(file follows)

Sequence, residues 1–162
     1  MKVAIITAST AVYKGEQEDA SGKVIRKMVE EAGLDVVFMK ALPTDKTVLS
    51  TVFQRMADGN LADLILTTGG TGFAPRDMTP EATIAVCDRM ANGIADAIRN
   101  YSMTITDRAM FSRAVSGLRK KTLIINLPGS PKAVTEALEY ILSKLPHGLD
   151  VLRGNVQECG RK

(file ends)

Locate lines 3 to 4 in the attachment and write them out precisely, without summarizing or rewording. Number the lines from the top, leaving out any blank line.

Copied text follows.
    51  TVFQRMADGN LADLILTTGG TGFAPRDMTP EATIAVCDRM ANGIADAIRN
   101  YSMTITDRAM FSRAVSGLRK KTLIINLPGS PKAVTEALEY ILSKLPHGLD